A screw eye 46 is again provided for attachment of fishing lines in the manner described with reference to FIGS. 1 and 2. Note also the use of the fluorescent fiber fitting 49 at the end 48 of the tail member 36. This fitting 49 which simulates whiskers or hair contributes to the multi-color light emission by reflecting the chemiluminescence generated within the chamber 34. Other attached fittings simulating scales, feathers, tissues etc. may be utilized for the same purpose.

In the embodiment of FIG. 4, a female threaded tail member 50 is again utilized in combination with a male threaded head member 52. Stripes of reflecting fluorescent material 54 are coated on the inner wall of the chemiluminescent reaction chamber 56. When the chemiluminescence generated within the chamber 56 strikes the stripes 54, the multi-color light-emission reveals these stripes in vivid color. In order to further contribute to the multi-color effect, the walls of the container may comprise a dyed fluorescent plastic material. The fishing lure conainer is also provided with means for attaching a hook 58 which has been shown in phantom. The means of attachment comprise clamps 60 which extend from the underside of the lure.

The containers of FIGS. 5-7 represent fishing lures of the fly type. In FIG. 5, a container body 62 having substantially transparent walls 64 defining a reaction chambers 66 is closed with a liquid tight seal by a closure member 68 in the form of a plug. The exterior and end 70 of the plug 68 carries fibers 72 simulating whiskers. Again, the fibers 72 may comprise a fluorescent material so as to provide at least dual color emission from the fishing lure container. The hook 74 is attached to the side of the container at clamps 75.

In the embodiment of FIG. 6, a container 76 constructed in accordance with this invention is wedged within a three-pronged hook 78. Although not fully shown, the container 76 includes a body portion having a cavity and a closure member so as to permit ingress and egress of the chemiluminescent material into the chemiluminescent reaction chamber. In order to provide the multi-color emission from the fly, fluorescent fibers 80 are attached to a ring 82 at the juncture of the hook 78.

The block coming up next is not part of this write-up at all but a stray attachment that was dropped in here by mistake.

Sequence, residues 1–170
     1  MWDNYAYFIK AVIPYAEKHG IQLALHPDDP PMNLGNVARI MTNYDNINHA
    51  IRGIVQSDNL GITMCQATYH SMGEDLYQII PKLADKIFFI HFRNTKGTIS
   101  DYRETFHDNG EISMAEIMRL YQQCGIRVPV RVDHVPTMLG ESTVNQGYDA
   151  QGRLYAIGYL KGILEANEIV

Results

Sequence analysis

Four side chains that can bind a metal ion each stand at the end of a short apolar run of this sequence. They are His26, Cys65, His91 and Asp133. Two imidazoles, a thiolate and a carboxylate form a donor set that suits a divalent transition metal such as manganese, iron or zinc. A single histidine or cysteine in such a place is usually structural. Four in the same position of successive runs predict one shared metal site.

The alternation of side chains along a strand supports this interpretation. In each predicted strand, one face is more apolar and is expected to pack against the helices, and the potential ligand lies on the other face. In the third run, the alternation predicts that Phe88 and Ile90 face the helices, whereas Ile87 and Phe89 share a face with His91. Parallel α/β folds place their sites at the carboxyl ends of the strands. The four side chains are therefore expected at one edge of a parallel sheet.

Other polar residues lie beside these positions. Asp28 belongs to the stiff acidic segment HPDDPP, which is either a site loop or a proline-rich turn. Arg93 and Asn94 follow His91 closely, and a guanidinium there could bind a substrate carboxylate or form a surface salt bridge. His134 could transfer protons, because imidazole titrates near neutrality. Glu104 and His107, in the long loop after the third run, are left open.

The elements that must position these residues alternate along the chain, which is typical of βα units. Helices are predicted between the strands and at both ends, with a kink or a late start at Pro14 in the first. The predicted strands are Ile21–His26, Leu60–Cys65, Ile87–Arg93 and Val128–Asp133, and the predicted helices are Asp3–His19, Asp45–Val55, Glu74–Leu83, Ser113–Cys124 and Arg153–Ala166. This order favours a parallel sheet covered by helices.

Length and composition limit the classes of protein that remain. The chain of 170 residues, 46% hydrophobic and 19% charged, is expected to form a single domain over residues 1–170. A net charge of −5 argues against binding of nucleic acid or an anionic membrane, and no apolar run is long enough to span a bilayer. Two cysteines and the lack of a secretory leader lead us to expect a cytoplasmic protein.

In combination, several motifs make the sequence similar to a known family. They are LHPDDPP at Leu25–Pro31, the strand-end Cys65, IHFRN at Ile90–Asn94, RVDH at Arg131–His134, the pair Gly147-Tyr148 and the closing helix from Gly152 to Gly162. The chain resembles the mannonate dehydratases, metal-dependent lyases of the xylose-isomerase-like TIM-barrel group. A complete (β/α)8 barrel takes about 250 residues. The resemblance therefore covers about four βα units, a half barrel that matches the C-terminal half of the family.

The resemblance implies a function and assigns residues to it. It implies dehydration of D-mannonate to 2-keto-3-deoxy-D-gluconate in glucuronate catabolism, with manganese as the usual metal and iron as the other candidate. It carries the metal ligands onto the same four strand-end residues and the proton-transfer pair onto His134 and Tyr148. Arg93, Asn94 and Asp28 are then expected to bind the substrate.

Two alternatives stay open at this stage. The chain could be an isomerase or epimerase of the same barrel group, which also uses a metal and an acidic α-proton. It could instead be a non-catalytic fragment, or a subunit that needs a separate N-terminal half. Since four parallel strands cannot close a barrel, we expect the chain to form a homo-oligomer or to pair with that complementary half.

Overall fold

In FIG. 7, a container 84 having a body portion 86 and a closure member 88 includes wing-like members 90 extending from the closure member 88. The members 90 may also comprise a flourescent material to provide the multi-color effect for the lure. A hook 92 is also attached to the closure member 88. For all the flies shown in FIGS. 5-7, the closure member is force fitted into the body member. In this manner, a substantially liquid-tight reaction chamber is provided.

The container in the shape of a frog which is shown in FIG. 8 is formed from a soft plastic transparent material. The container comprises a body member 94 having a cavity forming a reaction chamber 96 within the body walls 98 and a closure member in the form of a plug 100 simulating the eye of a frog. Fluorescent beads 99 which are introduced into the chamber 96 with the chemiluminescent material, result in at least dual color light emission from the frog-like container. A hook 103 simulates the tail of the frog at the posterior end of the frog while an eye 104 is threaded into the frog at the anterior end.

In FIG. 9, the invention is embodied in a float wherein a container in the form of a bobber for use in fishing is shown. The container comprises a body 106 defining a chemiluminescent reaction chamber 108 which is sealed off with a plug 110. Note the means of attaching the line 112 to the bobber in the form of clamps 114. In addition to the bobber, the invention may be embodied in other types of floats for use in fishing including markers for night fishing.